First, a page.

Tribunal 'wrong' to allow doctor to continue to practise, GMC tells High Court
A doctor who was let off with a 12-month suspension after her actions resulted in the death of a six-year-old boy should be struck off 'to protect the public', the High Court heard yesterday.
The Court of Appeal heard that the GMC wants the Medical Practitioner Tribunal Service (MPTS) decision to be quashed and replaced with erasure because suspension 'is not sufficient to protect the public'.
But the barrister defending the trainee paediatrician, Dr Hadiza Bawa-Garba, said she was a 'good and safe' doctor who had made errors due to 'systemic failures'.
Some 800 medics and other professionals have signed a letter supporting Bawa-Garba and more than 10,000 have signed a petition backing her, highlighting a large number of hospital trust failures.
Mr Justice Ouseley said before the appeal hearing began that that 'obviously this is tragic case all around and we fully understand that'.
Jack Adcock died as a result of a series of blunders from cardiac arrest brought on by sepsis after he was admitted to the Leicester Royal Infirmary in 2011.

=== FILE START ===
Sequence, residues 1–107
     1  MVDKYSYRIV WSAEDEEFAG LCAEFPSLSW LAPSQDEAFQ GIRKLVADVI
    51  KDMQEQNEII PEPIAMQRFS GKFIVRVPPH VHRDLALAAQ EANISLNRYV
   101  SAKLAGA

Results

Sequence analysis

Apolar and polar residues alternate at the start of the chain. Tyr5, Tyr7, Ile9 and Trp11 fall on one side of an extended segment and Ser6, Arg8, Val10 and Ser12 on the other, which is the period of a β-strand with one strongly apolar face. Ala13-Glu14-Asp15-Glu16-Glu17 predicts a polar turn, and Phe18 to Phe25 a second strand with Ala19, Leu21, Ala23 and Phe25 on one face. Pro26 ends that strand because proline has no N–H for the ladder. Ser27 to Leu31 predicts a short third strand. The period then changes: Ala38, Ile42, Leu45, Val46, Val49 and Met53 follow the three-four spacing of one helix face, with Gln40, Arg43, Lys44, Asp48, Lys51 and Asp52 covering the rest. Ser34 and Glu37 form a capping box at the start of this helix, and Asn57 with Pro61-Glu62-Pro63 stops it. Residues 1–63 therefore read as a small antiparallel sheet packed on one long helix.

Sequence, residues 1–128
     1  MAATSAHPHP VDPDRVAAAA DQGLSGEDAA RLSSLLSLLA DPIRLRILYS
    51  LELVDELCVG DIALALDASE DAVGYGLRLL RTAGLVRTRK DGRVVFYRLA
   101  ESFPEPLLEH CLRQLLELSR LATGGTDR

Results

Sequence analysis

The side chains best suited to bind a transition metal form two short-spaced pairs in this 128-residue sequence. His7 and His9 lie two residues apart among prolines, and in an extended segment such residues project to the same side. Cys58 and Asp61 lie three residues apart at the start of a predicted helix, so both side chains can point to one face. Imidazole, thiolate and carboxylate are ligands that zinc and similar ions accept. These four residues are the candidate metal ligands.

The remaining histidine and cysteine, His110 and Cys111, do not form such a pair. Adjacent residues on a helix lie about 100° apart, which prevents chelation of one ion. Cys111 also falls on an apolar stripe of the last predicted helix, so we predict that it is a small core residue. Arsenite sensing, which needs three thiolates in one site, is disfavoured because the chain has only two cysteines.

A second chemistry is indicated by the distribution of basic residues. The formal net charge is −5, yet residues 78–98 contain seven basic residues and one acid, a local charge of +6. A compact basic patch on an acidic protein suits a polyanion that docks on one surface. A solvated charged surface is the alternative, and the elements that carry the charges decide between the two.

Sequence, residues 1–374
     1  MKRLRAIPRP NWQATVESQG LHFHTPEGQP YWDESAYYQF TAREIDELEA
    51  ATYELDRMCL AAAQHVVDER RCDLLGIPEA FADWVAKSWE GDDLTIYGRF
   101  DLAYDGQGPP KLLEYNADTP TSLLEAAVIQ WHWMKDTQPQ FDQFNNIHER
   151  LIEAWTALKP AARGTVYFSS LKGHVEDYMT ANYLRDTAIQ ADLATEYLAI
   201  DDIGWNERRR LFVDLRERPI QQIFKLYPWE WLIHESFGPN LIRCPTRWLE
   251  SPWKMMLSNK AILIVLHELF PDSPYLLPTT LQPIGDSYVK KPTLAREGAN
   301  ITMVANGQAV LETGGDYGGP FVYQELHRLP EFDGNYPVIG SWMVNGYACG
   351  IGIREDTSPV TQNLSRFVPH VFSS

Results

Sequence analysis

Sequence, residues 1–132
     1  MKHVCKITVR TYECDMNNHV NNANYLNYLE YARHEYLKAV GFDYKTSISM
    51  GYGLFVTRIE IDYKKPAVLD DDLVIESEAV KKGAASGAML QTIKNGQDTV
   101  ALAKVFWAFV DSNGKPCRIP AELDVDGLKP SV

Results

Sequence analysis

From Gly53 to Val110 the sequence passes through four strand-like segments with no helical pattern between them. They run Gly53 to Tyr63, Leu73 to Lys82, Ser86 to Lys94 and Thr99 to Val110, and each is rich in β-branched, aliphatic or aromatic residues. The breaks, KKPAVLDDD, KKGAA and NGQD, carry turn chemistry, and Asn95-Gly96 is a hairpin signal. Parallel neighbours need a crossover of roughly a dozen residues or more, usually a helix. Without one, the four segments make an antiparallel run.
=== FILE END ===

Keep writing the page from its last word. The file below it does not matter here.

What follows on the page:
Dr Bawa-Garba was later convicted of gross negligence manslaughter and received a suspended two-year jail sentence in November 2015 – a sentence which she failed to appeal earlier this year.
The MPTS decided in June that erasing the doctor from the GMC register would be ‘disproportionate’ and recommended a 12-month suspension instead.
But Ivan Hare, QC, representing the GMC, said the MPTS 'got it wrong'.
Mr Hare told the court: 'We say this is fundamentally a very straight-forward case.'
He added: 'The judge had correctly directed the jury [in the crown court] that the prosecution had shown that the defendant's treatment was exceptionally bad.'
Mr Hare also said that the judgment sentencing remarks had been ‘clear that the inevitable outcome in her conviction would be the end of her career’.
But Sean Larkin, QC, representing Dr Bawa-Garba, said: 'One has to ask why this good and safe doctor made these errors on this day, and we submit that the systemic failures are relevant.
'We submit that this did not go behind the jury's finding.'
Upon conclusion of yesterday's hearing, Mr Ouseley said the judgment would be reserved until a later date.
Charlie Massey, chief executive of the GMC, said: 'The court has reserved judgment in this case and we await the outcome…
'This has been a tragic case and we acknowledge the strength of feeling expressed by many doctors.
'Our decision to appeal the doctor's suspension was not taken lightly.
'We would stress that cases such as this, where a doctor has been convicted of gross negligent manslaughter, are extremely rare.'